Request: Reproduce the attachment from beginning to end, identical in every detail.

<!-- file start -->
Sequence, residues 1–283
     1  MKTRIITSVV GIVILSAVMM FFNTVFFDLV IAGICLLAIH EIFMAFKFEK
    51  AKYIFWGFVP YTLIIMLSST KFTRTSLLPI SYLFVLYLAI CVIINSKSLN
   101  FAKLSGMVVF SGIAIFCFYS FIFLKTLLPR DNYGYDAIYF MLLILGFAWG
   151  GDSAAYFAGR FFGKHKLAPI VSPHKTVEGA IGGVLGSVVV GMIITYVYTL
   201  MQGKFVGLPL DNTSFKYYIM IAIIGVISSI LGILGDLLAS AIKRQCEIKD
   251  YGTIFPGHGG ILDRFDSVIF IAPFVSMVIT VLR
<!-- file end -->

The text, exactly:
Sequence, residues 1–283
     1  MKTRIITSVV GIVILSAVMM FFNTVFFDLV IAGICLLAIH EIFMAFKFEK
    51  AKYIFWGFVP YTLIIMLSST KFTRTSLLPI SYLFVLYLAI CVIINSKSLN
   101  FAKLSGMVVF SGIAIFCFYS FIFLKTLLPR DNYGYDAIYF MLLILGFAWG
   151  GDSAAYFAGR FFGKHKLAPI VSPHKTVEGA IGGVLGSVVV GMIITYVYTL
   201  MQGKFVGLPL DNTSFKYYIM IAIIGVISSI LGILGDLLAS AIKRQCEIKD
   251  YGTIFPGHGG ILDRFDSVIF IAPFVSMVIT VLR